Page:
Turning to the otters marking of territory, Erlinge found that otters deposit spraints (as many call scats) at fixed sites, otters sniff before they mark, and sometimes prepare sites by scratching. Otters also frequently "visit and examine signal spots marked by other individuals," and usually they are "very common near the in- and out-lets of ditches and streams in a lake, which are the normal paths for otters entering an area." Personally, I think this simplifies the matter. However, I watch otters in beaver ponds in valleys separated by ridges. Short-cuts over the ridge are often more likely to be marked than in-let and out-let streams. And in general at least half of the otter latrines I see are not on any seeming route to, from or through the ponds.

Erlinge examines what sexual and territorial significance this marking has. Erlinge thinks that males and females are in constant communication with each other through marking, and tested to see if there was more marking during the rutting season. He found that "the signal activity was high but not exceptionally so compared with other seasons." In my own observations, by no means rigorous, I get a sense that in my area breeding males and females repair to certain areas which might mean that marking around ponds, generally used for raising otters, leave no sexual message beyond "I want to be alone" with my pups. But, let me hasten to add, Erlinge studied an area much larger than mine.

Indeed at the outset of his discussion of territorial marking he suggests "intense signal activity occurred in meeting zones of otters coming from different areas." Erlinge found the most intense scatting where two dog otters, as he calls the male, from different territories met. He also found signal activity strictly dependent on otter density and when density dropped old scatting sites 'became overgrown by grass." Erlinge also noted intense marking by family groups and by juveniles a year or two from being sexually active.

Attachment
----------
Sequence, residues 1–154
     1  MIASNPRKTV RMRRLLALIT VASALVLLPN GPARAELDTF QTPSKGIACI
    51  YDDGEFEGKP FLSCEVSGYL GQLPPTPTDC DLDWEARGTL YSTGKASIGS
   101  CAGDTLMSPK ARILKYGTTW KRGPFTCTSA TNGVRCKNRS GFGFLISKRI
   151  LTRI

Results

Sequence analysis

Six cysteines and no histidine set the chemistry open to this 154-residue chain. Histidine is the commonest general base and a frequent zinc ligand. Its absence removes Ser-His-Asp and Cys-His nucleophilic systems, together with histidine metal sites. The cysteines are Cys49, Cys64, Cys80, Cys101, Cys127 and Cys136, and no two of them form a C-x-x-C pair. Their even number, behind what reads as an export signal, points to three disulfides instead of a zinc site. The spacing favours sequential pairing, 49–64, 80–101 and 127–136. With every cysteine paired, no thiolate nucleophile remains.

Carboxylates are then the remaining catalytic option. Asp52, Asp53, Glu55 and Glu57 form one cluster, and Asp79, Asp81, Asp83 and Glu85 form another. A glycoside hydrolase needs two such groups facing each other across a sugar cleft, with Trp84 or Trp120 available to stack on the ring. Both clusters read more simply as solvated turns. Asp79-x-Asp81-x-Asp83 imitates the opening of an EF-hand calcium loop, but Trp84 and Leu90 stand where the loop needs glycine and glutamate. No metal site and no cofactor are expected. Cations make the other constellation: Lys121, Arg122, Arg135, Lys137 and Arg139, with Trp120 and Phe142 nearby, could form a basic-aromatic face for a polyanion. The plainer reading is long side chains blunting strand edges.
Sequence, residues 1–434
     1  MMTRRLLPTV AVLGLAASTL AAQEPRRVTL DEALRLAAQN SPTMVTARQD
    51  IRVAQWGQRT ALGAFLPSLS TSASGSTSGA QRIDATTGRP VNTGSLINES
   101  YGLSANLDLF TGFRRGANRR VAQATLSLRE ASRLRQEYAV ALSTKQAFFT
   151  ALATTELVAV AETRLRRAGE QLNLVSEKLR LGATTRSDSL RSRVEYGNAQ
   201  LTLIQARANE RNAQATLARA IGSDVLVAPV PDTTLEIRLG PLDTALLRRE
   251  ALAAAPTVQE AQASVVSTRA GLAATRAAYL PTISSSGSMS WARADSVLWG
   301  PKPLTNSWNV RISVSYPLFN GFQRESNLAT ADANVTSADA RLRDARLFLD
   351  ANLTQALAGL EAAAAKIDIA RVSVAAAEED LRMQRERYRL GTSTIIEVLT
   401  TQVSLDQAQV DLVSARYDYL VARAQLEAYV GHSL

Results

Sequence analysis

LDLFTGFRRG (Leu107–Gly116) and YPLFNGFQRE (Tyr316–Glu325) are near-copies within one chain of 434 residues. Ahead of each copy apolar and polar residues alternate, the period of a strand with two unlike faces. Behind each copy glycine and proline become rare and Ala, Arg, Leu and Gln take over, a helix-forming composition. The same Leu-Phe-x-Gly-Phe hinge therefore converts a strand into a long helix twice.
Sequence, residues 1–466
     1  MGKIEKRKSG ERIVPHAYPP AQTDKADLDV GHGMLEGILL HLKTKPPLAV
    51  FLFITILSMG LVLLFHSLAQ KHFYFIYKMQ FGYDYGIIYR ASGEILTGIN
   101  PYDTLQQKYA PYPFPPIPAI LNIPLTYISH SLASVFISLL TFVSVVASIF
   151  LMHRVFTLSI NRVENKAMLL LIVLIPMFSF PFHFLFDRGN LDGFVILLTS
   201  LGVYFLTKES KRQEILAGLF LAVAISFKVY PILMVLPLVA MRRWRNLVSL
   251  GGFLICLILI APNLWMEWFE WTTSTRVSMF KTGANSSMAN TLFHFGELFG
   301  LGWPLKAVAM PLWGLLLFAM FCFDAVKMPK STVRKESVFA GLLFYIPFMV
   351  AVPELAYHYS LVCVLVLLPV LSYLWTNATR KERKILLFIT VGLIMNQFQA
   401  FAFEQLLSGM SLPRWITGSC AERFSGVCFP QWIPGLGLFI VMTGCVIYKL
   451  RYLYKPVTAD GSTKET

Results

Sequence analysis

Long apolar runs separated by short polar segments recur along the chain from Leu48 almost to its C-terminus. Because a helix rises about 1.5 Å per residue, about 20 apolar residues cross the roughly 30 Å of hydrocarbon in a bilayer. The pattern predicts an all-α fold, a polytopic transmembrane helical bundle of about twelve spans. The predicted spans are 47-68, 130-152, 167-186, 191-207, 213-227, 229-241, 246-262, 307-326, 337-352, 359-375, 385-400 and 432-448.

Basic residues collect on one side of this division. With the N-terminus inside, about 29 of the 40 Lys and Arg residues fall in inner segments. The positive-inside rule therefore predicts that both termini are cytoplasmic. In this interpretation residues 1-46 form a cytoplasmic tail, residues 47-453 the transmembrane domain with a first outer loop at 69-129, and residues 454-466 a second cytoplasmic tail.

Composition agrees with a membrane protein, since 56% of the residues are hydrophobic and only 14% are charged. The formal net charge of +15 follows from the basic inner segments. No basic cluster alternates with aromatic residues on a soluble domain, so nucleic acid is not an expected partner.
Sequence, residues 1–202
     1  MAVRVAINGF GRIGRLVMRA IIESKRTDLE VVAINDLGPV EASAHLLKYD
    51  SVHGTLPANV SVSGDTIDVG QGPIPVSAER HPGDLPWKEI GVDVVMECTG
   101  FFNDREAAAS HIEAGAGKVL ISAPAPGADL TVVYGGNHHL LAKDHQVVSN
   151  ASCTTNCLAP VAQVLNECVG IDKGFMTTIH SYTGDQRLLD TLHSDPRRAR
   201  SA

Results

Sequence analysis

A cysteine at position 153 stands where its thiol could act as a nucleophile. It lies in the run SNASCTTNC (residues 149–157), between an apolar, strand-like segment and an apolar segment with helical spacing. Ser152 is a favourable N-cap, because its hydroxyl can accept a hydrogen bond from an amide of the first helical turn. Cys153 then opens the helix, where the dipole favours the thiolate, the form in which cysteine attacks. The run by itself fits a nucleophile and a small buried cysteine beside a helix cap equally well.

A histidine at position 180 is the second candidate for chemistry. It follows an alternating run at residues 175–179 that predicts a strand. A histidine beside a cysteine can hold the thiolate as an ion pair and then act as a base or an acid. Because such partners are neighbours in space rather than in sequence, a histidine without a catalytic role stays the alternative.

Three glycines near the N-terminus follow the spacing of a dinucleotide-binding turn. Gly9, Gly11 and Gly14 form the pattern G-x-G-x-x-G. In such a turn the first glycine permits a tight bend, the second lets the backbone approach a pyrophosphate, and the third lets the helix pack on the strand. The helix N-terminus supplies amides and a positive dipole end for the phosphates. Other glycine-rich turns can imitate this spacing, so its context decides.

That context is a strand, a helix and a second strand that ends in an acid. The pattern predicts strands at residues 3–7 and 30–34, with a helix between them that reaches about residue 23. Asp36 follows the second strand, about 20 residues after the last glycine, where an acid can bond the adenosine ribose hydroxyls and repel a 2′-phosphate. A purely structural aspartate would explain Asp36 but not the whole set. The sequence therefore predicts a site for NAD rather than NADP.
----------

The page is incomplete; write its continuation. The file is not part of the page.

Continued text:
And so he begins tracing the travels of the dog otters who seemed to respect territory while still traveling on average 10 kilometers a night. Here again, I am out of my element, since I usually see otters during the day and my own range on the end of a large island is perhaps 4 or 5 kilometers. Erlinge found that the dog otters extended territory when another dog otter was shot or disappeared, and then another dog otter moved in to take territory and the territory of others contracted.

"Females with cubs occupied areas within the dog otters territories." And the ranges of family groups changed during the year, widely separate when the cubs were young, then coming closer to each other as the family dispersed, and in one case overlapping slightly. Finally, Erlinge found that this pattern seemed almost traditional. Here I am on familiar territory and am pretty confident that in seven years of otter watching only one family group at a time spent the year in the area I watch.

There are other otters in the mix: females without cubs and 2-3 year old otters. Erlinge observed them as always being transient. A pair that stayed close with each other still moved on. I've seen single otters join the otter family in foraging, and recently what appeared to be an adult otter spelling the mother and caring for the pups. Erlinge makes the point that these extra otters, so to speak, didn't den with the family. However, I've seen them so close to the family that, I find it hard to believe that they didn't den with each other. In his observations of several generations of river otters in California, Scott Shannon has showed how other adult otters, previous offspring of the mother, often join the family group.